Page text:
Can't wait to read more of your updates.
 
  #32  
Old 06-07-2015, 09:54 PM
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Originally Posted by GGabriel View Post
Hi Count,

How cool! Nothing sounds better that mutiple carbs. Thar ripping air sound is intoxicating. I can't even imagine how good a big V8 reving that high will sound with a 6 Pack.

I'm so glad to see you put a Torsen diff in and pave the way. I had one in a built up Road Master and it was easily my favorite diff of the different styles. I've had a TR2 (I think that's what they called) that took forever to get as Torsen builds for their racing teams first. It was years ago but I saved it hoping to put it in the right car. If you feel like sharing that process it would be quite a gift for everyone.

Can't wait to read more of your updates.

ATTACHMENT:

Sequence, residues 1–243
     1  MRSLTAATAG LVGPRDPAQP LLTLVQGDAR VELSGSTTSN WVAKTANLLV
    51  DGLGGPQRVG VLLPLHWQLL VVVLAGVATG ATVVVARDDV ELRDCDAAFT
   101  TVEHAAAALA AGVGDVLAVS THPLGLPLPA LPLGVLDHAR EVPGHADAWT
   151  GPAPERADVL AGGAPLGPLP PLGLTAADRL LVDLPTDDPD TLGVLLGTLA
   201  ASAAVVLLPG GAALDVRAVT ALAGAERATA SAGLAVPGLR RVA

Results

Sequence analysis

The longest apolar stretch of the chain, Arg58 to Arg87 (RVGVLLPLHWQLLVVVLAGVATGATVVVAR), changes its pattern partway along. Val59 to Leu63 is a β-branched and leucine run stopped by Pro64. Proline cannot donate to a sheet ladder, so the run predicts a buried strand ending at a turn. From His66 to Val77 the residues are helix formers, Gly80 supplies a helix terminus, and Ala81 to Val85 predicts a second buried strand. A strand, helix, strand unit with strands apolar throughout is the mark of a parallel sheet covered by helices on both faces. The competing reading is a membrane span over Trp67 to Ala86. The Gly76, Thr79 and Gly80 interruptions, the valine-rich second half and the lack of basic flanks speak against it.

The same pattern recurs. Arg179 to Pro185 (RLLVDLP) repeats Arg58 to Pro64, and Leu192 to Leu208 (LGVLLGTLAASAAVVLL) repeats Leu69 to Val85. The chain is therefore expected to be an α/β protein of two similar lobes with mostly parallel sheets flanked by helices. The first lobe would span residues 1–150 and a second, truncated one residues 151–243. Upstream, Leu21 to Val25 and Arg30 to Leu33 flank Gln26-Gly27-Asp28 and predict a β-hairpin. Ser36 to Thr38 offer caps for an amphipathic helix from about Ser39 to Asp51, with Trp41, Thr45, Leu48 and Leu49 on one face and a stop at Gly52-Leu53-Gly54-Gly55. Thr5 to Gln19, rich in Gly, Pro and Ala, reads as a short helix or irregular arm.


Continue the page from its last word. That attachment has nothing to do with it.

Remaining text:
Yeah, I'm doing the high revving big block for he noise mainly. It will pose quite a challenge for a pushrod valvetrain and the dynamics. Not as easy as a direct acting system like our Jaguars.


I had real trouble getting the Torsen- their primary business is to the military and it is the most lucrative to them and as a result they don't priortise to aftermarket customers like us. I had to use my contacts and talk to the VP in NY.


I will be happy to share, much like yourself personal family issues/marriage issues have taken their toll on the progress of my projects
 
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  #33  
Old 06-08-2015, 08:32 AM
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Count been there and done that ,divorce can really upset a persons life.
hang in ,usually its for the best, only time will tell.
 
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  #34